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Hair from salons used to clean up oil spills

Nonprofit & Social Cause

While watching the coverage of the infamous Exxon Valdez oil spill in 1989, hair stylist Phil McCrory was struck by how rapidly otters’ fur absorbed oil. He soon began testing how much oil he could absorb with the cast-off clippings from his salon, and voilà, the Oil Spill Hair Mat was created. McCrory teamed up with the environmentally-driven fiscal sponsor Matter of Trust, and set up shop in a San Francis warehouse. Following the hair mat’s inception in 2000, thousands of hair salons now donate their excess hair to Matter of Trust to be recycled into absorbent mats. And with salons collecting on average one pound a day, that’s a lot of hair mats. Hairdressers signing up as donors are asked to cover shipping costs, compensated by the happy knowledge that they’re helping clean up oil spills. The program also accepts other natural fibres such as dog fur from groomers, horse hair, waste wool, and even nylon stockings that can be filled with hair and used to contain spills. Not-for-profit Matter of Trust is developing other ways to reuse man-made and natural surplus, too: since launching the hair mats a few years ago, they’ve worked with McCrory to explore the use of hair as a natural fertiliser. While the concept might not be entirely new, its combination of eco-action and corporate generosity is definitely of the moment, as is the organisation’s focus on creating green collar jobs. (Related: Garbage into gold, via worm poop.) Spotted by: Wendy Rosenoff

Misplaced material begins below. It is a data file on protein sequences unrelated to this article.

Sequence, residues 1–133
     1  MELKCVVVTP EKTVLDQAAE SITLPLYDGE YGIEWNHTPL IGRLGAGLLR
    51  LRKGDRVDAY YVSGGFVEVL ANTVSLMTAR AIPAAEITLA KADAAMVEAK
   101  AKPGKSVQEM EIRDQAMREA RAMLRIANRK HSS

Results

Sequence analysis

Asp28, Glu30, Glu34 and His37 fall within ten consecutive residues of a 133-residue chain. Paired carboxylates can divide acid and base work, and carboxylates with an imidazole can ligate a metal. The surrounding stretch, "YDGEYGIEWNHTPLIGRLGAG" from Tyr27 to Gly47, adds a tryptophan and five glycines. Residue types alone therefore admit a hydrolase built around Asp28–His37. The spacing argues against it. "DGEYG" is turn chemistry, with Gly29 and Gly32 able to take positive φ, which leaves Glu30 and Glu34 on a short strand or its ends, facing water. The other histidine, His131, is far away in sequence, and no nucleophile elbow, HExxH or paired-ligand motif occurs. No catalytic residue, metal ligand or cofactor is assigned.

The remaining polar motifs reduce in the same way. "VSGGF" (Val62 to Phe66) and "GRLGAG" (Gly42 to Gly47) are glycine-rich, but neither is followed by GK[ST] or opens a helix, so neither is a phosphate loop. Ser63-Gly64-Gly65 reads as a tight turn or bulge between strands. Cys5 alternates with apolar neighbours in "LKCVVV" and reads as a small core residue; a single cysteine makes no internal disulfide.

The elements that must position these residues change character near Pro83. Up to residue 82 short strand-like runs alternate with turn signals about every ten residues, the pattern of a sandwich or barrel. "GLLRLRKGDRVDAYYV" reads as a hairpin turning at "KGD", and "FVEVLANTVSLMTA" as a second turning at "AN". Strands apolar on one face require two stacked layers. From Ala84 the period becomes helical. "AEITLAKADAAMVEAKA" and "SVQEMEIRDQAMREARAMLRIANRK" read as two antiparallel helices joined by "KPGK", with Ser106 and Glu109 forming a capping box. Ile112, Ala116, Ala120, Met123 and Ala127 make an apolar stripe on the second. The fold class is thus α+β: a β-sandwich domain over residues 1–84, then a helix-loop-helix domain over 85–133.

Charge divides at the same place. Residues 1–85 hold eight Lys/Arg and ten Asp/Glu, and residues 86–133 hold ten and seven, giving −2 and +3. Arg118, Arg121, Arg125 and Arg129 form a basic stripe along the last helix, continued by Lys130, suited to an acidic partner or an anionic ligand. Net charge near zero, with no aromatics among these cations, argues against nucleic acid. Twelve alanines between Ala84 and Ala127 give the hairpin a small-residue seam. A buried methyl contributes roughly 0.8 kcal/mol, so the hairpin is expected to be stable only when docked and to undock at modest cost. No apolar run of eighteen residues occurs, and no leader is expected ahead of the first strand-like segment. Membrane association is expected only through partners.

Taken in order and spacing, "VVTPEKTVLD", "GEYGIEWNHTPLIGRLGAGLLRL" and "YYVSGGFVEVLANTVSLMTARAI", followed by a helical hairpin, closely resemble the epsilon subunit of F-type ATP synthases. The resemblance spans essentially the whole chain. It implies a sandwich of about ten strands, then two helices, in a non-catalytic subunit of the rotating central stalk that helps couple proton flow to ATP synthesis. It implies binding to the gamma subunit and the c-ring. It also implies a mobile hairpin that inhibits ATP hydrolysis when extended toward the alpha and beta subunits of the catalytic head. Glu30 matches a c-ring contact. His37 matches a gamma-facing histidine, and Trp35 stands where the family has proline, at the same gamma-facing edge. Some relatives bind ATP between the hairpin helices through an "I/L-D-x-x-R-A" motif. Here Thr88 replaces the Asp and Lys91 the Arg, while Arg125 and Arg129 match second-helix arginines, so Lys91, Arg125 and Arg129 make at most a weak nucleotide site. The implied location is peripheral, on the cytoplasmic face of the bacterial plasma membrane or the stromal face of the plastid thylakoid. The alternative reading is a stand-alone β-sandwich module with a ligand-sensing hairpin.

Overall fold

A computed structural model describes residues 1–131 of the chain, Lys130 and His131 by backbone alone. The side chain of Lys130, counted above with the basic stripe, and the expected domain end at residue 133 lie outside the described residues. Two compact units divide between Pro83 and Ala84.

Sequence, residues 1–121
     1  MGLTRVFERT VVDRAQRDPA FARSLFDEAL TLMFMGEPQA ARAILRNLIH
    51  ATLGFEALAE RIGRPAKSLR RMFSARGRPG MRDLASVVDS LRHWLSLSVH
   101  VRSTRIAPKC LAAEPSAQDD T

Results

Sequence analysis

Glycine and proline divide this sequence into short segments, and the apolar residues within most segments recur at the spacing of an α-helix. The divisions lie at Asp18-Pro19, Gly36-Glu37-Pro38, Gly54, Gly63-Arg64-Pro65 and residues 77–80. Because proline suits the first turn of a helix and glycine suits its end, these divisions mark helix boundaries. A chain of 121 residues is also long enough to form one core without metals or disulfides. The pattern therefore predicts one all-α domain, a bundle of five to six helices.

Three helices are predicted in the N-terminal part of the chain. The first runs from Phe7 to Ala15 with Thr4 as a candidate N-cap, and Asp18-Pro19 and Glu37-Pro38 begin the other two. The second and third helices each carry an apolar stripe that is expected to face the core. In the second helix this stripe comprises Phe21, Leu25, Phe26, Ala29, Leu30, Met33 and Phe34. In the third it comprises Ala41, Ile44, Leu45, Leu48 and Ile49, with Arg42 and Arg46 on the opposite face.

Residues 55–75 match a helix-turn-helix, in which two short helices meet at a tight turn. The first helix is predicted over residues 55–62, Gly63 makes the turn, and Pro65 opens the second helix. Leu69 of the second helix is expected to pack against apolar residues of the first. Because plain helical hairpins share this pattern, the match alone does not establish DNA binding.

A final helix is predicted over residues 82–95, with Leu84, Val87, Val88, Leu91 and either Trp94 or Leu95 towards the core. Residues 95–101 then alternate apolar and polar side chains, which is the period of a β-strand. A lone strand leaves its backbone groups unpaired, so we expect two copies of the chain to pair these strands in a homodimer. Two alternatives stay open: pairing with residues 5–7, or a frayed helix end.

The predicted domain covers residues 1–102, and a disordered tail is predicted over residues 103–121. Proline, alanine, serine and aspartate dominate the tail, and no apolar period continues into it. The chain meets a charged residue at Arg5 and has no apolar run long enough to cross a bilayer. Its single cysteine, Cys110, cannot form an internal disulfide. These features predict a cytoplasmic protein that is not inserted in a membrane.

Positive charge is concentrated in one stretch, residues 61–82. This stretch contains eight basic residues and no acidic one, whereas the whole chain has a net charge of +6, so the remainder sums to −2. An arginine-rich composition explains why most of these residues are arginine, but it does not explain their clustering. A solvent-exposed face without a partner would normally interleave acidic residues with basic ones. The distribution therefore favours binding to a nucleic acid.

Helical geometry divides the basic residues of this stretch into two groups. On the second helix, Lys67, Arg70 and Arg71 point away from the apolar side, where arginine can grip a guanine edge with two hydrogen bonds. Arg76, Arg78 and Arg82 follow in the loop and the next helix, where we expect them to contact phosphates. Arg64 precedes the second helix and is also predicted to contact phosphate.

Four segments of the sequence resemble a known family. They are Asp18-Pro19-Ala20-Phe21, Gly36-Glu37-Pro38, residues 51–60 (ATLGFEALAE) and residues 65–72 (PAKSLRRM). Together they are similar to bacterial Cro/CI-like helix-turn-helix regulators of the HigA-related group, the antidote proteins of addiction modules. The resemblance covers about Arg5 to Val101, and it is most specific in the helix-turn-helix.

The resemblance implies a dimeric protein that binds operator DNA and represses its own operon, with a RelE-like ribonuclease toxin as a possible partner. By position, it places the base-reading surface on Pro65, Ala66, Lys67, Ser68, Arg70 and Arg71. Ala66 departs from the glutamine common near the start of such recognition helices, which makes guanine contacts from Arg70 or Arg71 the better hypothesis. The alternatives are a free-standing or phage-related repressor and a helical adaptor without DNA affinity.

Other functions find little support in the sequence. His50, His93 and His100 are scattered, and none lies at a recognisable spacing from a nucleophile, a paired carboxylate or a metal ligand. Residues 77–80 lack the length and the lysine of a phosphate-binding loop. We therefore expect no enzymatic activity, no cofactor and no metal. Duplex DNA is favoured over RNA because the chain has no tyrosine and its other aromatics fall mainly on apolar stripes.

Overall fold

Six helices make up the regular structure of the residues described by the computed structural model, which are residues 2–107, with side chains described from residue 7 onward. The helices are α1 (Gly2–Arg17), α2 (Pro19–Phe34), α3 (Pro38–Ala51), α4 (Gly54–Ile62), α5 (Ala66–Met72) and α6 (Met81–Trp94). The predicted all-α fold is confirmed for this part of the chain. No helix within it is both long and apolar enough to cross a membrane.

Email: team@matteroftrust.org

Website: www.matteroftrust.org

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